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A community food assessment is just what it sounds like -- an appraisal of a community's food system, helping to identify assets as well as needs. "It's a systematic process examining food-related issues," says Raquel Bournhonesque from the Community Food Security Coalition (CFSC), an organization working on local and regional food system issues across the U.S. and Canada.
Mark Winne, one of CFSC's founders and its communication director, was for 25 years executive director of the Hartford (Connecticut) Food System, a private, nonprofit focusing on hunger issues. In the early 1990s, HFS met with the heads of all city departments and asked them, "How do you address food needs and nutrition?"
"First they'd stare at you blankly," Winne says. "But then after asking some leading questions we found out that most of them actually were doing some kind of work that related to food. It's just that the consciousness was lacking."
Today, he adds, there is a growing awareness of city government's role in food needs, and that those needs encompass more than just the obvious, like healthy school meals. "City governments are beginning to see that land use affects an area's ability to provide fresh, healthy food to its residents. Twenty-five years ago there was no understanding at all."
HFS conducted ongoing assessments of their community's food needs, "before anyone came up with the name 'community food assessment,'" Winne says. "We were constantly looking at prices, transportation, land use decisions, schools, and food pantries. Basically all the ways that people could get food and that the quality and price of food could be affected."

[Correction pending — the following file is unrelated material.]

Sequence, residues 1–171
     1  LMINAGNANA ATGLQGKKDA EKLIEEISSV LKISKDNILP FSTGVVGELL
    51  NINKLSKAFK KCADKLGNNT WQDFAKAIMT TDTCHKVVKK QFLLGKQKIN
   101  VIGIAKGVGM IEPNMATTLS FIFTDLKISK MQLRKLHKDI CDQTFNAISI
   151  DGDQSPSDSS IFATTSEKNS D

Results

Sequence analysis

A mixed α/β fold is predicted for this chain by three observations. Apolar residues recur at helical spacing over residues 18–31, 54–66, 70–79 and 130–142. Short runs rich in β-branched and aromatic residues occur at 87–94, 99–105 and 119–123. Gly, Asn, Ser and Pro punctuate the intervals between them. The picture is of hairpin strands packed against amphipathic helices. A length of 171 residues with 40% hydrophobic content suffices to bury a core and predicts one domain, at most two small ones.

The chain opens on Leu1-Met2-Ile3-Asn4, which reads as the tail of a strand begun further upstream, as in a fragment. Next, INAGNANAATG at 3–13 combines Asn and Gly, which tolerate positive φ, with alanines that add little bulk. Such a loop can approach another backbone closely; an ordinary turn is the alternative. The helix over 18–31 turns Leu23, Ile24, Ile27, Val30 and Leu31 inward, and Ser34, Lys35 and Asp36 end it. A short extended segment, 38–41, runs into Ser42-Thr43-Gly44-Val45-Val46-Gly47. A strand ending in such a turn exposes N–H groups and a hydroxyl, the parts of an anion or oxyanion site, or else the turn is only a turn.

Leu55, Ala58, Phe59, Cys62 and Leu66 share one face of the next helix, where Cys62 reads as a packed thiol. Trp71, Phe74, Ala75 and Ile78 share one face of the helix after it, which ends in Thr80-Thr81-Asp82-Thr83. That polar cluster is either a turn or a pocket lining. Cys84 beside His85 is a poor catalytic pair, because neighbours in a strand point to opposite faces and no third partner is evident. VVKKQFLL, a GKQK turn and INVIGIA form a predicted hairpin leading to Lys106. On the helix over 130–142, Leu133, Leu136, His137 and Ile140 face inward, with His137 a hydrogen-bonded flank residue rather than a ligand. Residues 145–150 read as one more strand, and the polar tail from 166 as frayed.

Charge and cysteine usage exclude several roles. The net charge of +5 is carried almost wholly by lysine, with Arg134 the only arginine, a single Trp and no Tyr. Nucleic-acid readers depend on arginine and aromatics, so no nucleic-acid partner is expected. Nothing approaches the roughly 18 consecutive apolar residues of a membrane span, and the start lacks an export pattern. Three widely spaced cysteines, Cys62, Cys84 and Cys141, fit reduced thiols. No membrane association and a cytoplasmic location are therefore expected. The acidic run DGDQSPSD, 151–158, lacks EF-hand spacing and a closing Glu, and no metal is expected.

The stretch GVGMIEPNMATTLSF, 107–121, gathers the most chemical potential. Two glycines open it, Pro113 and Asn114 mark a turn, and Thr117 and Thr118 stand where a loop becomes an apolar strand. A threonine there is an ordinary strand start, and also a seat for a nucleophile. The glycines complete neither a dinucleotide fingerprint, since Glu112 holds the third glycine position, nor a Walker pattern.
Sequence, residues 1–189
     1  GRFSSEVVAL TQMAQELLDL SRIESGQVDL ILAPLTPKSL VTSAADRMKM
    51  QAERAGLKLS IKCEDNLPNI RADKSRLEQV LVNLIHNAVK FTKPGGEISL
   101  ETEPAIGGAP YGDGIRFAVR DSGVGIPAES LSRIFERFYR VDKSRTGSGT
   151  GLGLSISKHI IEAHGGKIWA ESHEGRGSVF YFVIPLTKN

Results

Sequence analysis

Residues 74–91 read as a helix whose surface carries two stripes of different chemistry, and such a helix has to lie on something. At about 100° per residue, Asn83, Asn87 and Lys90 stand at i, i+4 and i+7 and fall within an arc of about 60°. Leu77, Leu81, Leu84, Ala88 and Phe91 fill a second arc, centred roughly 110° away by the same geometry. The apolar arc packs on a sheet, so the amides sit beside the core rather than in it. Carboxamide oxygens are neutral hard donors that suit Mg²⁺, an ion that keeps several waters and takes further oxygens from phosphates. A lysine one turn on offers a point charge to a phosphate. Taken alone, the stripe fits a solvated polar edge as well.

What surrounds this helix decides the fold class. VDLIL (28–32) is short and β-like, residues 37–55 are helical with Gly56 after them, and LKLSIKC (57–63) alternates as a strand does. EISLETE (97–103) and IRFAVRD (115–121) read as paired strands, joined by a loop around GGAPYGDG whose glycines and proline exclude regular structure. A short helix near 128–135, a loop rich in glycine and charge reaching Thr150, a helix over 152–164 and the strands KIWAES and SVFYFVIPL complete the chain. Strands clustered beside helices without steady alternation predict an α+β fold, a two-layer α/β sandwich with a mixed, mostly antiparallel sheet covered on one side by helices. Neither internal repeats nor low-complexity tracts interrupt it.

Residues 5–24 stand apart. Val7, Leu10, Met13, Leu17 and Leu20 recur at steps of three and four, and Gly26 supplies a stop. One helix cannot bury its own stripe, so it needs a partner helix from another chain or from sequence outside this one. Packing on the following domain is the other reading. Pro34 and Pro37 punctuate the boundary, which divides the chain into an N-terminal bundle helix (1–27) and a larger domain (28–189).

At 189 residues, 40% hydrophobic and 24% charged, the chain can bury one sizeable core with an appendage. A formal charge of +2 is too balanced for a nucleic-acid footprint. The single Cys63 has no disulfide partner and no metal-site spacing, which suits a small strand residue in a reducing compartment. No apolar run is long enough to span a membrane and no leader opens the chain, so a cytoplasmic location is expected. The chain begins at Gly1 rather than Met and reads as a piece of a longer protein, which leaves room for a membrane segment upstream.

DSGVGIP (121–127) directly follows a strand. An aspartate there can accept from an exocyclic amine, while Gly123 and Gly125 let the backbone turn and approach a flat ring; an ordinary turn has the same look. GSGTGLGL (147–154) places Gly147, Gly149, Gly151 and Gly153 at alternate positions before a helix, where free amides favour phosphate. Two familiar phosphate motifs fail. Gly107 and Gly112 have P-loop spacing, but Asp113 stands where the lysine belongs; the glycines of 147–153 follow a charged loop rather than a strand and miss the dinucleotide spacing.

At least two of their findings led to changes at the city level. First, HFS found a lack of food outlets -- including supermarkets and farmer's markets -- inside Hartford proper. Winne brought that information to the city, and Hartford officials made a commitment to bring food stores back into the city limits through community development work.
In addition, HFS created a detailed view of how people in low income neighborhoods were getting to food stores. "We conducted interviews with people, sat down with maps of bus lines, and mapped area stores," Winne says. "We found a dysfunctional relationship between public transportation and food outlets. As a result of that information, and advocacy, we got a new bus route established that took people from the lowest income neighborhood directly to a new suburban grocery store."
Food assessments, stresses Bournhonesque of the CFSC, "should be done at the neighborhood level and be very participatory."
In Fresno County, California, the Fresno Metro Ministry, an active interfaith organization founded in 1970, took the lead in conducting a countywide food assessment. "We worked with local community leaders to find out what they wanted to know," says Edie Jessup, Fresno Metro Ministry's hunger and nutrition program coordinator. "The community was adamant that they wanted to retain qualitative data."
To that end, over 80 neighborhood leaders conducted more than 850 surveys of residents -- and 131 surveys of retail stores. "We had people looking at their own neighborhoods," Jessup says, "and it gave us people to go back to once the survey was done."
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